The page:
Historic Art Instructional Booklets


I’ve been doing a major cleanup in my studio this week and, while going through my art books, came upon these gems. These booklets are undated but I believe they were produced during or just after the Second World War.

Each booklet is 16 pages and only 4 1/4 by 5 1/2″ in size. They were compiled for the benefit of members of the Canadian Armed Services. In this era of cutbacks and little respect for the arts, I doubt a project like this would even be considered.

Arthur Lismer and A. Y. Jackson are Canadian icons and were both founding members of the Group of Seven; artists who celebrated the landscape as their main inspiration.

These booklets are a pleasure to read. They are written with great personality and in a refreshing no-nonsense style. I wish I could reproduce them in their entirety for you to enjoy. Here’s an excerpt from the watercolour booklet by Lismer:

What Makes a Painter?
If you would make good sketches in water colours, you must be something like a child, full of courage, born of ignorance perhaps, uninhibited and unafraid of difficulties, but like a child, working with gusto.

The spirit of adventure, right materials, a keen eye, and a roving disposition are worth more than theories and data and all the knowledge of what has gone before.”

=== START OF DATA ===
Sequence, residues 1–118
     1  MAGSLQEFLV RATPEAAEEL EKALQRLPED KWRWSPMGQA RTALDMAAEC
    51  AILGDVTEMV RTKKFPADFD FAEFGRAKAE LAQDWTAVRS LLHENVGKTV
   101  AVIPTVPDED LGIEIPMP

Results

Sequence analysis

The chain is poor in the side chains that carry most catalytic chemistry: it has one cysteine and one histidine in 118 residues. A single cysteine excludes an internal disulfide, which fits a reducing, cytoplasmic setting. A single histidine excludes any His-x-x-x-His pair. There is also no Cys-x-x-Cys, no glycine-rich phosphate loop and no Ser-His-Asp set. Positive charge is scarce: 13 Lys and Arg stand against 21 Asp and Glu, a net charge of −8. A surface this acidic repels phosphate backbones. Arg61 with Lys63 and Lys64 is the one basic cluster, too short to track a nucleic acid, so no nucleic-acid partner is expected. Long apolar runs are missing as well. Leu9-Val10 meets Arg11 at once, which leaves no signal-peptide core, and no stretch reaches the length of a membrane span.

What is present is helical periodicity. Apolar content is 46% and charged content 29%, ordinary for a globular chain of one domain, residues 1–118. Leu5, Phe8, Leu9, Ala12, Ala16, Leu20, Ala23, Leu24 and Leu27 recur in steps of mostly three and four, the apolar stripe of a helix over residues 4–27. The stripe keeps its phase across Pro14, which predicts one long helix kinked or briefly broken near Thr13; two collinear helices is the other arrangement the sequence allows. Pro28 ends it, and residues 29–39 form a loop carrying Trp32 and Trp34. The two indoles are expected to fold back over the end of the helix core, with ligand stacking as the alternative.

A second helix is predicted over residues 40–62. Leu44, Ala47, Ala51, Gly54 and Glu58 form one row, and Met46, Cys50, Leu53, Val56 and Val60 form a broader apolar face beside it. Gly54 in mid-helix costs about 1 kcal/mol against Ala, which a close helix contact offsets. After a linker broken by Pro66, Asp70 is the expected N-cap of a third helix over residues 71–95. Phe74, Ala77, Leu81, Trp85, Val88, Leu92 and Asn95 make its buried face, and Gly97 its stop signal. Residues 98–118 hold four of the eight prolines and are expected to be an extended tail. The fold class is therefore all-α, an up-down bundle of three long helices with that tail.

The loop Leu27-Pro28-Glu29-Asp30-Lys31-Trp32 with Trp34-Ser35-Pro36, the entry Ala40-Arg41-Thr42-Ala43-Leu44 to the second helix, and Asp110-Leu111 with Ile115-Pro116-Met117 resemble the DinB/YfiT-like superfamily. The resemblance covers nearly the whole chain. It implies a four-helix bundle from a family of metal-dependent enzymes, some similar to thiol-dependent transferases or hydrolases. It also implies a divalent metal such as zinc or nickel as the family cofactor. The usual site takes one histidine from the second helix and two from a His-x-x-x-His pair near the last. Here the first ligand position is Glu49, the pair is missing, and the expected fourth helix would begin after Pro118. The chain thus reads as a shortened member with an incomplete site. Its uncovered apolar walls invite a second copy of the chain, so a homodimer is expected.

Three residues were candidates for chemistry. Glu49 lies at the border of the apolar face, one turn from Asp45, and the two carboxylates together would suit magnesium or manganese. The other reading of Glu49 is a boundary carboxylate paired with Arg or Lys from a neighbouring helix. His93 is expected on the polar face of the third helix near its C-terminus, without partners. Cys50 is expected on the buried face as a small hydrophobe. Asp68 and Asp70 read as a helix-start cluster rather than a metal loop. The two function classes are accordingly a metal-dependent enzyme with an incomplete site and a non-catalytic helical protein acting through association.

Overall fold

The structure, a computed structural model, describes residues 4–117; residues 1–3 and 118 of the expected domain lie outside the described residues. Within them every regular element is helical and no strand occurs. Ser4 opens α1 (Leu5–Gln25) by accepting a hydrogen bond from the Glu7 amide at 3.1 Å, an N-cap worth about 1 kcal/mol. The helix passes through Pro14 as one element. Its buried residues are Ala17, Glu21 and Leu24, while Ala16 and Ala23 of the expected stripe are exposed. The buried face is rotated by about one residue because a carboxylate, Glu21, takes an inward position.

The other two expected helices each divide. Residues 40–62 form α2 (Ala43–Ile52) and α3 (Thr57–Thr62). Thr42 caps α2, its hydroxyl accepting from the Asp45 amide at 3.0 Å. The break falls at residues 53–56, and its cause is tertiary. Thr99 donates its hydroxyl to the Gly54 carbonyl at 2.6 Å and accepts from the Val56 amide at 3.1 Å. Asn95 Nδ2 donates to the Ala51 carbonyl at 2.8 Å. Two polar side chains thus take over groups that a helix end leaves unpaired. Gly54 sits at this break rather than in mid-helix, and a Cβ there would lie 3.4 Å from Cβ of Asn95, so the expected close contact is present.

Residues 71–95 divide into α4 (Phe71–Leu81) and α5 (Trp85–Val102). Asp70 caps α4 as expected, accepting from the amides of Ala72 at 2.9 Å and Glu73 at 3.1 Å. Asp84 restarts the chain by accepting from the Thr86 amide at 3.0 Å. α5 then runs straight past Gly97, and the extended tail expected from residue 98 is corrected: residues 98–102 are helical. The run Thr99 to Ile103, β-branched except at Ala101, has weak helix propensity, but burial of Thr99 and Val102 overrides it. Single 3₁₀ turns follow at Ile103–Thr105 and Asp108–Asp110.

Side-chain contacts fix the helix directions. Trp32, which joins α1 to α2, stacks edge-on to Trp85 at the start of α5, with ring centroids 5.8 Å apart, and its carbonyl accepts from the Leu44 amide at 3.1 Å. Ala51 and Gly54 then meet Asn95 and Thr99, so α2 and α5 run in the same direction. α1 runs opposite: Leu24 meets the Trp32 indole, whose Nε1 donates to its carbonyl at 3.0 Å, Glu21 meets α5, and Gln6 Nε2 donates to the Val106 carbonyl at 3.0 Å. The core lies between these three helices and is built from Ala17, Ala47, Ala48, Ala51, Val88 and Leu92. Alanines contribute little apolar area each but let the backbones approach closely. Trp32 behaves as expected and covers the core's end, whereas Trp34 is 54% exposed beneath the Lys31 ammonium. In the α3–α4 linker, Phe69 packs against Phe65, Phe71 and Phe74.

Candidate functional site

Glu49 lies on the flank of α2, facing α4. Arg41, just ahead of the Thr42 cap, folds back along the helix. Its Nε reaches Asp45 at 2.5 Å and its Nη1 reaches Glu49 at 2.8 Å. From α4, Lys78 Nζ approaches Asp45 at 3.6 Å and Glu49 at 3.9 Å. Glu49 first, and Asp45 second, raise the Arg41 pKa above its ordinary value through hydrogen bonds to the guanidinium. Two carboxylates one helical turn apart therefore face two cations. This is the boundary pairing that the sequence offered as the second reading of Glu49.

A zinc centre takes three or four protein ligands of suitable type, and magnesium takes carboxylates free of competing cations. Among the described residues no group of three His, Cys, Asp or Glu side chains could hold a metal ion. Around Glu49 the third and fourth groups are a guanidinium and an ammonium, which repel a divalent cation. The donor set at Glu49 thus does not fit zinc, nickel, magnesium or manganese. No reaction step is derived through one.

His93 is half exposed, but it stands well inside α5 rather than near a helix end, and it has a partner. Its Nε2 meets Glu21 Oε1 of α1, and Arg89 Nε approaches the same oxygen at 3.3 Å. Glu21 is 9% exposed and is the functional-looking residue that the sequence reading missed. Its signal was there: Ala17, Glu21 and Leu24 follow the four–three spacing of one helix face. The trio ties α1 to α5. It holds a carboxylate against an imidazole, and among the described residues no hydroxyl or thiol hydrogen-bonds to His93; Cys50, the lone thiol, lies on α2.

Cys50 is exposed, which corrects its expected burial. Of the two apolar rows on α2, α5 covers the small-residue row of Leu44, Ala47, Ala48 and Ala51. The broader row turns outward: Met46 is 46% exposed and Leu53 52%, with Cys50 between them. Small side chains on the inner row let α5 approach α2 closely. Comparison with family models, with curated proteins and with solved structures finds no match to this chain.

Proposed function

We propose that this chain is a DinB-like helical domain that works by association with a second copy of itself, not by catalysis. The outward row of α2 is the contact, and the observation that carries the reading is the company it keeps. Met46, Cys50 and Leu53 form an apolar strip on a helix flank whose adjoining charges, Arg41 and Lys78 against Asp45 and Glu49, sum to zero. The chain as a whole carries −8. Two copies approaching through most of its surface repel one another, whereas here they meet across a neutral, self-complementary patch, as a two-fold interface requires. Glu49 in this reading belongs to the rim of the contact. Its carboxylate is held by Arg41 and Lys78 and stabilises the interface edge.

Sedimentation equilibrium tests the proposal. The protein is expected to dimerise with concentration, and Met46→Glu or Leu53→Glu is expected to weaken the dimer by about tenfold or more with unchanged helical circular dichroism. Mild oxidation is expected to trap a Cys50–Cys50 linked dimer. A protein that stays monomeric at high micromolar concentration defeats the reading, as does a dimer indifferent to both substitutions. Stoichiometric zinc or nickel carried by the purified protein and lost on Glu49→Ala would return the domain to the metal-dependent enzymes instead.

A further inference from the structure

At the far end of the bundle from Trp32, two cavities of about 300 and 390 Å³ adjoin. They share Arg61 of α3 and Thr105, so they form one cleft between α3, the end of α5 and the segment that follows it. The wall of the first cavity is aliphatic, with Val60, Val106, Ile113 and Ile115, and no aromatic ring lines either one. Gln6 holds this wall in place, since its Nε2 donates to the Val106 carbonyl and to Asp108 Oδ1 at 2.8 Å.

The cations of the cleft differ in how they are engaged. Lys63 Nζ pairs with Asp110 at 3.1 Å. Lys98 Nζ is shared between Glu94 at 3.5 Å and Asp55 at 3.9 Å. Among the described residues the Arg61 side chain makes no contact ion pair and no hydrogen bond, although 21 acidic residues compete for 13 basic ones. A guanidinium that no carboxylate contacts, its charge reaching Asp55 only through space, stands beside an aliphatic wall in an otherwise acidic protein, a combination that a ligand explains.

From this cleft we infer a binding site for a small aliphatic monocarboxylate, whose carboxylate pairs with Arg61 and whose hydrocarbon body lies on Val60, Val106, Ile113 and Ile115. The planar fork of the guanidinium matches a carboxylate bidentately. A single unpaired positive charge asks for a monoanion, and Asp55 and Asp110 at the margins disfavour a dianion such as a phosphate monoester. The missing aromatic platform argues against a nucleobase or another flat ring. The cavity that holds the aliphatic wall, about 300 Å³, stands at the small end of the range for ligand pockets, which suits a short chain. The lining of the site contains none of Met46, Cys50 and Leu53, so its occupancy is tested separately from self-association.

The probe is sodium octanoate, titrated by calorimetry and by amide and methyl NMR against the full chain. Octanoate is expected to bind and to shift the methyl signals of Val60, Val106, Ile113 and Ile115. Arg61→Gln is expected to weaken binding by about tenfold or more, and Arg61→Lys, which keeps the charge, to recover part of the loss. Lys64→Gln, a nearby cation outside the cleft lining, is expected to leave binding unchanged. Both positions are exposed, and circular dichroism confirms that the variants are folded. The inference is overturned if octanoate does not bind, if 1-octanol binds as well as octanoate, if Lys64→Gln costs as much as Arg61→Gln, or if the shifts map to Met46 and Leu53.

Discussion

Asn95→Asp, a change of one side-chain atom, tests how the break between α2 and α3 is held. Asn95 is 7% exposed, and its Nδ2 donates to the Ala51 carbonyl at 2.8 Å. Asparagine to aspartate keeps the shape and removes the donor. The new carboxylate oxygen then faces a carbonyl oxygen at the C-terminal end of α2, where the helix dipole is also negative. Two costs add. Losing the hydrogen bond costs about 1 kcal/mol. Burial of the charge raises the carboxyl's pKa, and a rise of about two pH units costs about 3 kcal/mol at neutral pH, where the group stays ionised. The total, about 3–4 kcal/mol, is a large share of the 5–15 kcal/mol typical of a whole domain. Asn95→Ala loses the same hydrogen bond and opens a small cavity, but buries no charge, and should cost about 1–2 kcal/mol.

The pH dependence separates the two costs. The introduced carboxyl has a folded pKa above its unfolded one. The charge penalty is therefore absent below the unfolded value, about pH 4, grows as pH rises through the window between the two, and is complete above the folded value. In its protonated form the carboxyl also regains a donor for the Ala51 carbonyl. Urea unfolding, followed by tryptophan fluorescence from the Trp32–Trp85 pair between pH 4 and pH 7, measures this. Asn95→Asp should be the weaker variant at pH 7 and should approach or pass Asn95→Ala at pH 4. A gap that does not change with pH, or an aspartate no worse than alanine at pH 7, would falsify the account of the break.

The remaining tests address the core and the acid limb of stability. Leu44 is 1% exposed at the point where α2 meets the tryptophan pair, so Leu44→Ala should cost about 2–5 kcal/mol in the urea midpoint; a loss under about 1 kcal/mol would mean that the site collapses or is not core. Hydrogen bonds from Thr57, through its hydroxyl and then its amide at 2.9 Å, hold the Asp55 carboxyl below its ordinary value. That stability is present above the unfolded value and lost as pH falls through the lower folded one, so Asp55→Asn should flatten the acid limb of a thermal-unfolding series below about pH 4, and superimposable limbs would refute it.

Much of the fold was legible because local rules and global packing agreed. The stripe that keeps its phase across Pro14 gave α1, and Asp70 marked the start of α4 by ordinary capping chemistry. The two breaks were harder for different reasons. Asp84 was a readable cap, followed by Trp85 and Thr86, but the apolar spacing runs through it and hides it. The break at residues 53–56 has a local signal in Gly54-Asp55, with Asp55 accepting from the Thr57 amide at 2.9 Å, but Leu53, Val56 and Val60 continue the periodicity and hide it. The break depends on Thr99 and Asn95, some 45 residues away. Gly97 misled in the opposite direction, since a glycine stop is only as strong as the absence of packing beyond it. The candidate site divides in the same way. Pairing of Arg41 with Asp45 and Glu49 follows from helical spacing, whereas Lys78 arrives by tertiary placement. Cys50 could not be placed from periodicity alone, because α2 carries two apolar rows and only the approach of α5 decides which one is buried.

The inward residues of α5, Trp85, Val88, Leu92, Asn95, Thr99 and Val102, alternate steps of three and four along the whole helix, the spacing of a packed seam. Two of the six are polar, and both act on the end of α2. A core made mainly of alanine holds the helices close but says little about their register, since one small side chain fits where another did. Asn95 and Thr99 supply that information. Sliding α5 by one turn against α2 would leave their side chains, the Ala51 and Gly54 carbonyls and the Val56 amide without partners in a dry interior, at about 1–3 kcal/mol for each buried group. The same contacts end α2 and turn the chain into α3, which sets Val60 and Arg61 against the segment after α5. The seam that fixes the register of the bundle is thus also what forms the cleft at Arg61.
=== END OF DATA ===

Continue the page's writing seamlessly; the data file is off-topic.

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5 Responses to “Historic Art Instructional Booklets”

  1. Sue McKee Says:

    “What Makes A Painter”? by Lismer is brilliant. This little bit of Canadian Art History, has made my day. Thanks, Barry, Sue McKee

  2. waterartways Says:

    What a treasure! Love the “What Makes a Painter? quote. Thanks for posting about these, Barry.

  3. Stephen Says:

    Hey Barry – that spirit of adventure quote is a word in season for me – thanks for sharing some of your treasure

  4. lindahalcombfineart Says:

    Wow! What a find…it would be a shame to lose these. Thanks for sharing the wisdom!

  5. Barry Coombs Says:

    Thanks for all of your comments. I’ll make sure I keep my little treasures in a safe place. Also, I plan to quote from them again in future posts.

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